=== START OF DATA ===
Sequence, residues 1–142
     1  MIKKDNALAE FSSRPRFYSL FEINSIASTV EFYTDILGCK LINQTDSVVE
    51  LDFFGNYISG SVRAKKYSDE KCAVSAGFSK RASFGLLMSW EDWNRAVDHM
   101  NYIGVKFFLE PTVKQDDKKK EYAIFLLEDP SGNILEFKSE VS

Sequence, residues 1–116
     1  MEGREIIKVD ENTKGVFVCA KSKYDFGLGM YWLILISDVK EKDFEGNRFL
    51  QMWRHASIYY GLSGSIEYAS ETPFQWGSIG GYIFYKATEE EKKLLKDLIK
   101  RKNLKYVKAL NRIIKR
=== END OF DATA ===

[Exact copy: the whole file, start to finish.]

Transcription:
Sequence, residues 1–142
     1  MIKKDNALAE FSSRPRFYSL FEINSIASTV EFYTDILGCK LINQTDSVVE
    51  LDFFGNYISG SVRAKKYSDE KCAVSAGFSK RASFGLLMSW EDWNRAVDHM
   101  NYIGVKFFLE PTVKQDDKKK EYAIFLLEDP SGNILEFKSE VS

Sequence, residues 1–116
     1  MEGREIIKVD ENTKGVFVCA KSKYDFGLGM YWLILISDVK EKDFEGNRFL
    51  QMWRHASIYY GLSGSIEYAS ETPFQWGSIG GYIFYKATEE EKKLLKDLIK
   101  RKNLKYVKAL NRIIKR